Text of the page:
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Specific Drug: Amphetamine (Adderall)

Classification: Psychostimulant

Commercial Names: Adderall, Benzedrine, Dexedrine, Dextrostat, Desoxyn, ProCentra, Vyvanse

Common Names/Nicknames: Bennies, black beauties, crank, speed, uppers

Active Compound: Amphetamine

Found in: Synthesized amphetamine

Mode of Consumption: Ingestion, insufflation, intravenous injection, inhalation (smoking)

DEA Scheduling/Legal Status (in US): Schedule II, legal with prescription


Increased concentration, mental alertness, hyperactivity, euphoria, blood pressure increases, heart irregularities, fever, loss of appetite, psychotic episodes, paranoia


Addiction, withdrawal, stroke, pulmonary embolism, psychosis, paranoia, schizophrenia, fatal overdose

Insufflation: nasal septum damage; Injection: blood-bourne pathogens, pulmonary damage (talcosis), endocarditis, abscess; Inhalation (smoking): lung damage, increased risk of pulmonary cancer, increased risk of cardiovascular disease

Dangerous Drug Combinations:

Potentially fatal mix with cocaine and other stimulants. Dangerous combination with cold medications, heart disease medications, and antidepressants

Special Considerations:

Amphetamine can be abused in academic settings for its ability to increase alertness.

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And remember, if somebody may need help, play it safe and call for medical assistance.

“Students may bring an intoxicated or drug-impaired friend to University Health Services or to a hospital, or seek assistance from College residential life staff or HUPD, and by doing this, neither they nor the friend will face disciplinary action from the College for having used or provided alcohol or drugs.”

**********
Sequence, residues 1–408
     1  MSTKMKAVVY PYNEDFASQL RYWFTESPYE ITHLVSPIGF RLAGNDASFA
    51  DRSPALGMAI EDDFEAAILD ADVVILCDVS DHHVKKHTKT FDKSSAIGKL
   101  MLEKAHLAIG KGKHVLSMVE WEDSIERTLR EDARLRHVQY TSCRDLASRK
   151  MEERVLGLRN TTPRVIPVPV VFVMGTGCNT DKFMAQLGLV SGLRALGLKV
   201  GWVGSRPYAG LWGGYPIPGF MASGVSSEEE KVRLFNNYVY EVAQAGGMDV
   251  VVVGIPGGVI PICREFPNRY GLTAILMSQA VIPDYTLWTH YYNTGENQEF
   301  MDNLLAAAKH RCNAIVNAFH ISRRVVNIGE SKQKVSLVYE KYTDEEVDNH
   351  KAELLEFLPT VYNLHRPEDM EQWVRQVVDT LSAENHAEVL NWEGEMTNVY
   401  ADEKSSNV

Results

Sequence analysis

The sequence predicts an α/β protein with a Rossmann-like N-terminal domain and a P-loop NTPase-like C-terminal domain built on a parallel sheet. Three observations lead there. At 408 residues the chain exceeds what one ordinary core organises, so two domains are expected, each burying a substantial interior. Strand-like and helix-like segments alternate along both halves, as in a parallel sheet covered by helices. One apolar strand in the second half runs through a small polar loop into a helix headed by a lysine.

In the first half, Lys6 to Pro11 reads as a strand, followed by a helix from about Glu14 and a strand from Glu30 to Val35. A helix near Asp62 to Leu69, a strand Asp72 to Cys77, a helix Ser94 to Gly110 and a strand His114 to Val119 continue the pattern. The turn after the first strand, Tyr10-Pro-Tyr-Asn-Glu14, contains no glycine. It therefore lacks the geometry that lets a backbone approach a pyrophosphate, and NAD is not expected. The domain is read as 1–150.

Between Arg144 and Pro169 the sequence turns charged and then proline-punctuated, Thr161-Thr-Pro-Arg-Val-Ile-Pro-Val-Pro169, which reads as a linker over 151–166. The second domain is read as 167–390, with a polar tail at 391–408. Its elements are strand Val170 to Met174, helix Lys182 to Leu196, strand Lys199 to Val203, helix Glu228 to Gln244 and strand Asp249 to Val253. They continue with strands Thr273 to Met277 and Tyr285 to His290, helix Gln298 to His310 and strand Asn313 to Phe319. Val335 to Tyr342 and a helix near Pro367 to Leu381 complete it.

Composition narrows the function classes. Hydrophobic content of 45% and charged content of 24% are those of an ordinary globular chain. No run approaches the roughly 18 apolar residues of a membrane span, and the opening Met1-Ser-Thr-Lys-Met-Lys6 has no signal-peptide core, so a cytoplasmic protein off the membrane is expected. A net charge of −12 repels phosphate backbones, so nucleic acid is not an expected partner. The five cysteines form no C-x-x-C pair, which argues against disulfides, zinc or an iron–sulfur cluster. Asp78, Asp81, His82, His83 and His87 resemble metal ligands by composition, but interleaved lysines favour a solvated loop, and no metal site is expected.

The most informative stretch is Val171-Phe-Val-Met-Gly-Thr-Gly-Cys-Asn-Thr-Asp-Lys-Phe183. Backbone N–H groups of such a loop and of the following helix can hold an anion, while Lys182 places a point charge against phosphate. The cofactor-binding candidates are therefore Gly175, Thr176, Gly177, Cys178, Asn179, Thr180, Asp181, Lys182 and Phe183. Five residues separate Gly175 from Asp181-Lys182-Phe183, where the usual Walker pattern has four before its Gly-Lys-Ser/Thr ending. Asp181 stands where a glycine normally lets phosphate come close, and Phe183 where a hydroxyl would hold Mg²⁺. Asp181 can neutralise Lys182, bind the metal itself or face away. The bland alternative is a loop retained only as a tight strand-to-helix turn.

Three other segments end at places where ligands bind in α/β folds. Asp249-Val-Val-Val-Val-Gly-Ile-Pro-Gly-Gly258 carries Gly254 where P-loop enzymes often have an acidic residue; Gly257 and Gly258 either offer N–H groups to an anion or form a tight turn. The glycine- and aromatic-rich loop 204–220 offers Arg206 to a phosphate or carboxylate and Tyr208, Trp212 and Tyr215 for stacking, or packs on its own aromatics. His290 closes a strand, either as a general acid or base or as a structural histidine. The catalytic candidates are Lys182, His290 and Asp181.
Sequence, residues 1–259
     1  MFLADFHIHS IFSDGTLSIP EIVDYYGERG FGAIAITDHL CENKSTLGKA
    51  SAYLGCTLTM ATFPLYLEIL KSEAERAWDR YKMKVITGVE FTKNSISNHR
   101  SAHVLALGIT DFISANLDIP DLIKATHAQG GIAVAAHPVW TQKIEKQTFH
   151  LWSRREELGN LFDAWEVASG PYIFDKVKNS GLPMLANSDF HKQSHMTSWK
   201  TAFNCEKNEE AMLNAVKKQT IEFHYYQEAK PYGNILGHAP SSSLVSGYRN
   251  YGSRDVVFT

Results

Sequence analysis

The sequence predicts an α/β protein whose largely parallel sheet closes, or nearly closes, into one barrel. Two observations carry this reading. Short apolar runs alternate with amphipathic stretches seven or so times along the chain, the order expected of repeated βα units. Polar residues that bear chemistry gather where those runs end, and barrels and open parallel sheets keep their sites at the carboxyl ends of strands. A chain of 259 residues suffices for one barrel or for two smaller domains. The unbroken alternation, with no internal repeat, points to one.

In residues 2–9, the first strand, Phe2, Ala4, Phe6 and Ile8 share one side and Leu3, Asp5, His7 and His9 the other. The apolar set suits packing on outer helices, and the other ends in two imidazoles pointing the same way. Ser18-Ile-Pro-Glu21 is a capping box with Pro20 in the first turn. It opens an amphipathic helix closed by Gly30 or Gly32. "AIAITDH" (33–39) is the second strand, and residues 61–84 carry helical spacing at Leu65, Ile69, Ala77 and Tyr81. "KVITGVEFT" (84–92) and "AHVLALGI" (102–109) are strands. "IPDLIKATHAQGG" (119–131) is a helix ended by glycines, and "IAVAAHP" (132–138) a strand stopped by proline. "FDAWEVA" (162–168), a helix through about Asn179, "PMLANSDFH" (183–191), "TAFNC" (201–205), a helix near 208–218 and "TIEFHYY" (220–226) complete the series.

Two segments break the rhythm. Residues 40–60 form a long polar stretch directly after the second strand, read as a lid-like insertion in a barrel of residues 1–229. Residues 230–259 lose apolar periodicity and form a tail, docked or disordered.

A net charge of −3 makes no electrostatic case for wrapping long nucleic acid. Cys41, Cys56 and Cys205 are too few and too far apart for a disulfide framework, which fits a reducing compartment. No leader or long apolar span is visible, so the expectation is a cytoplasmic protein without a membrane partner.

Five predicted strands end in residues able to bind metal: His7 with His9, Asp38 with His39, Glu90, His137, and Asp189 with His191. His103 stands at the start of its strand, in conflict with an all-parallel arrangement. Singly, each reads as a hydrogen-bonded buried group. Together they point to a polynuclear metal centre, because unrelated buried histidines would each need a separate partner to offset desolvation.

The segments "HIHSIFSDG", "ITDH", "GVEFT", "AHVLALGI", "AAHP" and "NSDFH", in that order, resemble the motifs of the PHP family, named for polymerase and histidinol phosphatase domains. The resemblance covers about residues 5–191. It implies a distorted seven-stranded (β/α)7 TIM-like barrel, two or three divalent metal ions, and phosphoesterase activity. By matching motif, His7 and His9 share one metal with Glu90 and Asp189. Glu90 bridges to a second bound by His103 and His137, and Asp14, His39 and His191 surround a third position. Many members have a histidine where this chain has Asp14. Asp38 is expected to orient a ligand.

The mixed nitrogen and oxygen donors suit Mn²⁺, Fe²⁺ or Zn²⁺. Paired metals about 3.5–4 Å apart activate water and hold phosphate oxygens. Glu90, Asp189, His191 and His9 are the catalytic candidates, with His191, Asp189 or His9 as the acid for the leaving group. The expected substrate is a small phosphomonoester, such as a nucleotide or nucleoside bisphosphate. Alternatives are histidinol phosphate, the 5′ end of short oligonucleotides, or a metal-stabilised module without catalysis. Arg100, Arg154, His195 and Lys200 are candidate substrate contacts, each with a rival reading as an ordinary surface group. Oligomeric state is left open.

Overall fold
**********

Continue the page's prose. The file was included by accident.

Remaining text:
The Amnesty Policy

                                                                                    Harvard College Student Handbook



Buzzed: The Straight Facts About the Most Used and Abused Drugs from Alcohol to Ecstasy (Third Edition), by Cynthia Kuhn, Scott Swartzwelder, and Wilkie Wilson. Published 2008 by W. W. Norton & Company.


National Institute on Drug Abuse (NIDA), part of the National Institute of Health (NIH) of the U.S. Department of Health and Human Services.



U.S. Drug Enforcement Agency (DEA), part of the U.S. Department of Justice.



Erowid Organization


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